German teen kills 15; rampage began at school
Most victims female; chase ends in suicide
WINNENDEN, Germany - A 17-year-old wielding a Beretta 9 millimeter pistol burst into classrooms at his former high school yesterday and gunned down students - some of whom died with their pencils still in hand - in a rampage that ended with 15 dead before he took his own life, authorities said.
There was no immediate indication of a motive, but the gunman's victims were primarily female: eight of nine students killed were girls, and all three teachers were women. Three men were killed later as the suspect fled.
"I heard two shots and then screaming," said a 15-year-old student, Betty. "At first I thought it was a joke, but then someone called 'Run, run!' and I saw students jumping out of the windows."
The gunman - dressed in black - took students in the first classroom by surprise, evidenced by the morbid scene that awaited the first officers to arrive, said regional police director Ralf Michelfelder.
"Children were sitting at their tables, with pencils still in their hands, their heads fallen over on the table," he said.
"Most of them had shots in their head - it must have all happened in seconds."
Police identified the gunman only as Tim K. But the name on his parents' home is Kretschmer and local media identified him as Tim Kretschmer.
The dark-haired teen, shown wearing glasses in pictures on German television, apparently took the weapon from his father's collection of 15 firearms along with a multitude of ammunition, police said.
His father was a member of the local gun club and kept the weapons locked away except for the pistol, which was kept in the bedroom.
Police said the suspect was a German teen who was a below-average student at the school of about 1,000 pupils, but graduated last year. A sister attends the school.
"He was lower than average, and he wasn't engaged in school events," Michelfelder said.
Fabienne Boehm, 12, said she recently met the shooter through a friend, and that he had shown her a note three weeks ago that he then sent to his parents.
"He wrote to his parents that he's suffering and he can't go on," she said.
Boehm said that the shooter asserted that fellow students had mocked him, and that teachers ignored him.
Teenagers were sobbing and clinging to one another as they left a church service to the victims.
Police received an emergency call from the school at 9:33 a.m. The first officers responded about two minutes later, said Heribert Rech, a state interior minister.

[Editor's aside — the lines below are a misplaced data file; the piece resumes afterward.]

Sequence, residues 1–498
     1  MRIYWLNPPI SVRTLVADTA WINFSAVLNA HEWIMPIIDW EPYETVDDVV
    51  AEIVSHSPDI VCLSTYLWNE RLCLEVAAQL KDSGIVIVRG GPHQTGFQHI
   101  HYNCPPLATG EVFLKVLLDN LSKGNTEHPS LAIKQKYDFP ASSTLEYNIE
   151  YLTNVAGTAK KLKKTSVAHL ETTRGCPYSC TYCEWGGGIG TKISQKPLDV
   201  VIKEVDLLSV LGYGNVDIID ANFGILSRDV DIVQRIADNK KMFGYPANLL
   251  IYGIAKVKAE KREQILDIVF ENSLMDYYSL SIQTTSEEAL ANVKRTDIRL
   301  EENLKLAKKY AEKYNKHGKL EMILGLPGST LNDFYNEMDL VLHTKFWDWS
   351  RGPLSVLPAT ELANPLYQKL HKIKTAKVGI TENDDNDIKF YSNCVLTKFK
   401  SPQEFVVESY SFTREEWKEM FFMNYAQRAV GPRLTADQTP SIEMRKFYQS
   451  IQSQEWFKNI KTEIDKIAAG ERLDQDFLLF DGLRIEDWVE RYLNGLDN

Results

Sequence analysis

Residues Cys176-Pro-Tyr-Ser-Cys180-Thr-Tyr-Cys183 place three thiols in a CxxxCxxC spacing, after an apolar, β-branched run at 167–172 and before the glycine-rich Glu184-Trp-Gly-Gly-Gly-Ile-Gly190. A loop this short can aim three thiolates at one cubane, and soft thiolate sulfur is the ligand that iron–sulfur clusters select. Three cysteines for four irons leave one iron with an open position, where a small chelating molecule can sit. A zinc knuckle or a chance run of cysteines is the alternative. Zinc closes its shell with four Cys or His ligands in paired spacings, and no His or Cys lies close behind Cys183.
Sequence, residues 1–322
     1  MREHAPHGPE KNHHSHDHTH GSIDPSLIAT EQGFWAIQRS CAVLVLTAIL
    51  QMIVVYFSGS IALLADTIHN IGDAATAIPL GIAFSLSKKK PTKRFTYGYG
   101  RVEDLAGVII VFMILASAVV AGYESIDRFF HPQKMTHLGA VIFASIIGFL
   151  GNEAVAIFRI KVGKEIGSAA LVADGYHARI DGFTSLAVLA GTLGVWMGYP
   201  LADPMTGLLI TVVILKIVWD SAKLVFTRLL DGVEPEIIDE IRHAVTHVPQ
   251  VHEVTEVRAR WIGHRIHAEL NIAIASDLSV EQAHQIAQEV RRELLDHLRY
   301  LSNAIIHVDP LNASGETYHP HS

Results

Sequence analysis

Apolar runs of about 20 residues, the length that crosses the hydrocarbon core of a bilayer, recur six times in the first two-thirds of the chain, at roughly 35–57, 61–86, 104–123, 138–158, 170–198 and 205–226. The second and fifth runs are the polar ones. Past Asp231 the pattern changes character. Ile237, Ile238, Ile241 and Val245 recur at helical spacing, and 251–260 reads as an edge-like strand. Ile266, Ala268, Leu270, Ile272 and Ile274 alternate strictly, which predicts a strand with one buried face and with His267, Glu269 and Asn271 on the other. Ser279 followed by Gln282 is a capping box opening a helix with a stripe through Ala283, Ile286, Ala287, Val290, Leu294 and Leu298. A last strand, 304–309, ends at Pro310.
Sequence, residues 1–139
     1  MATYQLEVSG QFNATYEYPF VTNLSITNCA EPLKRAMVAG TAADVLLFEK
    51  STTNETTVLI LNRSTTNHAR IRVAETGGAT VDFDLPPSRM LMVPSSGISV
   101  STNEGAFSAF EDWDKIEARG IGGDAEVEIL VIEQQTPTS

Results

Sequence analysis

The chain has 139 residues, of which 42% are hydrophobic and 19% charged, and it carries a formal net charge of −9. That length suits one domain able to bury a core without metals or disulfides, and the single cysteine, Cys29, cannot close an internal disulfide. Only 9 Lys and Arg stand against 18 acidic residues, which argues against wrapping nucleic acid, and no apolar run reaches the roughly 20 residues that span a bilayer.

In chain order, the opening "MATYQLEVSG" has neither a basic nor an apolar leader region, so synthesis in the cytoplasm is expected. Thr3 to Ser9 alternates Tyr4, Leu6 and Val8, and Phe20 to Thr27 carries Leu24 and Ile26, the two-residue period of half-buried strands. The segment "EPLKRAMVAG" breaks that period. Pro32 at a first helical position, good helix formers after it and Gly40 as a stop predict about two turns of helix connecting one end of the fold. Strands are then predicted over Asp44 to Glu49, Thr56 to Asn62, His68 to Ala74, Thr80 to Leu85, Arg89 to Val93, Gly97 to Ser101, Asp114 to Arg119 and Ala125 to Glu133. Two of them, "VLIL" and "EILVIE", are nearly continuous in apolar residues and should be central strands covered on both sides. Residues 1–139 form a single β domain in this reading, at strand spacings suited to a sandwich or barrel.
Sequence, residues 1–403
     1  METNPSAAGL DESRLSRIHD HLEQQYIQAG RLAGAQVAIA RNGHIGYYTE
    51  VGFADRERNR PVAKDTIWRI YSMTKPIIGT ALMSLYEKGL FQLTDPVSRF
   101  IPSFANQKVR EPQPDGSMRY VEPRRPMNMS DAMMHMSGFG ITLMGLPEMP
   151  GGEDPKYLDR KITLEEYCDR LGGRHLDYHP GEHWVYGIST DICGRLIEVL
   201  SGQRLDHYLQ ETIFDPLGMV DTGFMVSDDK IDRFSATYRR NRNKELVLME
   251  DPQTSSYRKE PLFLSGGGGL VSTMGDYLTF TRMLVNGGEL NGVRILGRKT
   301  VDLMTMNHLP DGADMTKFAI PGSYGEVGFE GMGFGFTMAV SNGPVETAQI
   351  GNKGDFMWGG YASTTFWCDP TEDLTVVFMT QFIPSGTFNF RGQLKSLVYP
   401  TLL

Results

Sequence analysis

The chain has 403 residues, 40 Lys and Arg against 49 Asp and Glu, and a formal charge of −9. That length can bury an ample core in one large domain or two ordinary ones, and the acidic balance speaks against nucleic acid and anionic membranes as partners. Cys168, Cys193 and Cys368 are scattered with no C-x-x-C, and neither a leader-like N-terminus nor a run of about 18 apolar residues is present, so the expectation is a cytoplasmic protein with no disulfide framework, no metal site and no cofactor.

They heard shots on the second floor and ran upstairs, catching a glimpse of the suspect on a staircase, Rech said.
He fired a shot at the police and then fled, killing his last victims in the school - two teachers - on his way out, Rech said.
"Our officers were very quick," Rech said.
"Through the immediate police intervention they were able to prevent a further escalation of the crime."
After fleeing, the suspect ran into downtown Winnenden, a city of 28,000, where he shot two people walking by a psychiatric clinic, killing one and wounding the other, police said.
The gunman then hijacked a car and forced the driver to head south while threatening his life from the back seat, triggering a land and air manhunt involving 700 police officers and four helicopters, according to Stuttgart prosecutors.
The driver swerved off the road to avoid a police checkpoint and escaped, while the suspect fled from the car into an industrial area in the city of Wendlingen, about 24 miles from Winnenden.
He entered a car dealership, where he shot and killed his final victims - a salesman and a man shopping for a car - and then went outside, prosecutors said.
He opened fire on police swarming the area, who shot back and hit the suspect, who fell wounded to the ground, Michelfelder said.
But he got back up, reloaded his weapon, and fled onto a dead-end street.
Police found him dead, having apparently shot himself in the head.
Two police officers suffered serious, but not life-threatening, injuries.
The death toll was close to that of Germany's worst school shooting.
In the 2002 shooting, Robert Steinhaeuser, 19, shot and killed 12 teachers, a secretary, two students, and a police officer before turning his gun on himself in the Gutenberg high school in Erfurt, in eastern Germany.